World

Trump asks Netanyahu to 'hold back' on settlements

U.S. President Donald Trump urges Israeli Prime Minister Benjamin Netanyahu to curb settlement activity but avoids any explicit endorsement of a two-state solution to the Israeli-Palestinian conflict, a longstanding bedrock of U.S. Middle East policy.

U.S. president to work toward a peace deal between Israel and Palestinians

Israeli Prime Minister Benjamin Netanyahu, left, met with U.S. President Donald Trump at the White House on Wednesday. (Kevin Lamarque/Reuters)

U.S. President Donald Trump urged Israeli Prime Minister Benjamin Netanyahu Wednesday to curb settlement activity but avoided any explicit endorsement of a two-state solution to the Israeli-Palestinian conflict, a longstanding bedrock of U.S. Middle East policy.

The two leaders met face-to-face for the first time since Trump's victory in the 2016 presidential election as Palestinians urged the White House not to abandon their goal of an independent state.

Speaking at a joint news conference, Trump vowed to work toward a peace deal between Israel and Palestinians but said it would require compromise on both sides and it would be up to the parties themselves ultimately to reach an agreement.

"I'd like to see you hold back on settlements for a little bit," Trump told Netanyahu.

The right-wing Israeli leader later insisted that Jewish settlements were "not the core of the conflict" and made no commitment to reduce settlement building.

U.S president confident Israel will reach a deal with Palestinians 0:47

Trump echoed Netanyahu's calls for Palestinians to recognize Israel as a Jewish state — something they have refused to do — and to halt incitement against Israelis. But even as Trump promised to pursue peace between the two sides — who have had no substantive peace talks since 2014 — he offered no new prescriptions for unblocking the peace process or achieving a deal that has eluded so many of his predecessors.

Setting a chummy tone for the meeting, Trump greeted Netanyahu on a red carpet rolled out to the White House driveway. The two leaders smiled, shook hands and chatted amiably before heading inside the executive mansion, accompanied by Trump's wife Melania and Netanyahu's wife Sara.

Among the questions expected to figure prominently on the agenda was the future of the two-state solution — the idea of creating a Palestine living peacefully alongside Israel, which has been a bedrock U.S. position.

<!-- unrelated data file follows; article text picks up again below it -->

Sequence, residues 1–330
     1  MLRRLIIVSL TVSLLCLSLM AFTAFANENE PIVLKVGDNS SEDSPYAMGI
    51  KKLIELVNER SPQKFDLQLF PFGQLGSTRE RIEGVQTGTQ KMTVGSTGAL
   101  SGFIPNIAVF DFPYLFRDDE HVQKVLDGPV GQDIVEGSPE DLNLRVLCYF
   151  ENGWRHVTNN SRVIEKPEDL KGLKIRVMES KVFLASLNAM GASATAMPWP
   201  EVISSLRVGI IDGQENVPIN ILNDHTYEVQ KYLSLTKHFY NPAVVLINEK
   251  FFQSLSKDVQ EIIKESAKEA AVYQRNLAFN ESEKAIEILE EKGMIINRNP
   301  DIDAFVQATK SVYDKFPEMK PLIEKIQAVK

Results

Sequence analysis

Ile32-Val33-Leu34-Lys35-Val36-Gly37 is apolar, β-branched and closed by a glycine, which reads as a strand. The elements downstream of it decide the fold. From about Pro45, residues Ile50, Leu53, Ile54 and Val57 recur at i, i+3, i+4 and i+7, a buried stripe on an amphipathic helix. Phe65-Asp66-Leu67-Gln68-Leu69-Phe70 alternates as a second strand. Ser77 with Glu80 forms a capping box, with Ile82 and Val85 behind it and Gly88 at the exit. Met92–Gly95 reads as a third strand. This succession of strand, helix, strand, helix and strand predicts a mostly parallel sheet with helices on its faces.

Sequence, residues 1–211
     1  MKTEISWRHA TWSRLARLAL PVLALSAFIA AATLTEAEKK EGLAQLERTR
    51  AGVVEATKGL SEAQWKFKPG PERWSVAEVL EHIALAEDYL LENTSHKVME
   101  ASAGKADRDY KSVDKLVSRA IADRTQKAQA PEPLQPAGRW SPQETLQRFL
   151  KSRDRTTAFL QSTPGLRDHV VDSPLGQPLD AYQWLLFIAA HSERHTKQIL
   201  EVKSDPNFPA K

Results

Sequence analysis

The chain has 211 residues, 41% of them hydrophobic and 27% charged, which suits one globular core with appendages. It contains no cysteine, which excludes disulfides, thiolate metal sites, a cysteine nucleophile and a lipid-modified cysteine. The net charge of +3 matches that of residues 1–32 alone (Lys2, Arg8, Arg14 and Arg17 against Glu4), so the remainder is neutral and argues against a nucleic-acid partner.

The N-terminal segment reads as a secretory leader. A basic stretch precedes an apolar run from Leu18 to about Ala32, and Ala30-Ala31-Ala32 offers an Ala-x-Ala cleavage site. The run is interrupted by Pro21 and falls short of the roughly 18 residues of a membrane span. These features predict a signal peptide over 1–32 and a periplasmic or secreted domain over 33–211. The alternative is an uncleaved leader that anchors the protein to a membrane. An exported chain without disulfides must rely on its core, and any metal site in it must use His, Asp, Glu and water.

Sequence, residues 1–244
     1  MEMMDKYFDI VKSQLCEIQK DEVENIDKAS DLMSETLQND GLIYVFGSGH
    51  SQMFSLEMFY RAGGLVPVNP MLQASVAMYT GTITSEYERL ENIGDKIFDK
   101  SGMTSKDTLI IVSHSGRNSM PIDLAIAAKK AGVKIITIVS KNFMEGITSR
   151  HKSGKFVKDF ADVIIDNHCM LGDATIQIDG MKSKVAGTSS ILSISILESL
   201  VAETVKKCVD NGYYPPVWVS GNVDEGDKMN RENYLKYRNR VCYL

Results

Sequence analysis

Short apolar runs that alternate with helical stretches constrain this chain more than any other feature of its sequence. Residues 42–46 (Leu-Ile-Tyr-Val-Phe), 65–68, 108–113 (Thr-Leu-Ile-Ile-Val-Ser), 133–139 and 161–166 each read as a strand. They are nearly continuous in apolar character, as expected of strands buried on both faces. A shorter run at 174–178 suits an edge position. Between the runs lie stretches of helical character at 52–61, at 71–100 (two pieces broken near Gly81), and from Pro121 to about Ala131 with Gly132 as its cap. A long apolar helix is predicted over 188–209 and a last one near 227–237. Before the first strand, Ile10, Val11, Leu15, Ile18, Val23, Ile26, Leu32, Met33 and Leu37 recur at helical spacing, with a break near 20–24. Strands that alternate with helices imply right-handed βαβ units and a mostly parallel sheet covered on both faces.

Whatever they like

In a potential shift, a senior White House official said on Tuesday that peace did not necessarily have to entail Palestinian statehood, and Trump would not try to "dictate" a solution. Trump did little to clarify his position.

Giving a convoluted response to a question on whether he backed a two-state solution, he suggested that he could abide by whatever the two parties decided.

Trump wants a deal that both parties like 0:26

"I'm looking at two-state and one-state and I like the one that both parties like. I'm very happy with the one that both parties like," he said.

"I can live with either one. I thought for a while it looked like the two-state, looked like it may be the easier of the two, but honestly if Bibi and if the Palestinians if Israel and the Palestinians are happy, I'm happy with the one they like the best," Trump said, referring to Netanyahu by his nickname.

A retreat from U.S. backing for a two-state solution would upend decades of U.S. policy embraced by Republican and Democratic administrations and a principle considered the core of international peace efforts.

Netanyahu committed, with conditions, to the two-state goal in a speech in 2009 and has broadly reiterated the aim since. But he has also spoken of a "state minus" option, suggesting he could offer the Palestinians deep-seated autonomy and the trappings of statehood without full sovereignty.

Palestinians alarmed

Palestinians reacted with alarm to the possibility that Washington might ditch its support for an independent Palestinian nation.

"If the Trump administration rejects this policy it would be destroying the chances for peace and undermining American interests, standing and credibility abroad," Hanan Ashrawi, a senior member of the Palestine Liberation Organization, said in response to the U.S. official's remarks.

"Accommodating the most extreme and irresponsible elements in Israel and in the White House is no way to make responsible foreign policy," she said in a statement.

Palestinian leader Mahmoud Abbas demanded a halt to Israeli settlement expansion in the occupied territories and said he was committed to a two-state solution to the conflict with Israel.

Abbas said he agreed with Trump's call for Israel to refrain from settlement building in the occupied West Bank and East Jerusalem.

"The presidency demands that [Israel] agree to [Trump's call], and that of the international community, to halt all settlement activities, including in occupied East Jerusalem," the statement said.

"The Palestinian presidency stressed its commitment to the two-state solution and to the international law and international legitimacy in the way that secures ending the Israeli occupation and [establishing] the Palestinian state with East Jerusalem as its capital."

Abbas's statement added that the Palestinians affirmed their "readiness to deal positively with the Trump administration to make peace." Talks have been frozen since 2014.

The Palestinians seek to establish an independent state that includes the Israeli-occupied West Bank, territory captured after the Six Day War in 1967, and the Gaza Strip, which is controlled by Islamist militant group Hamas.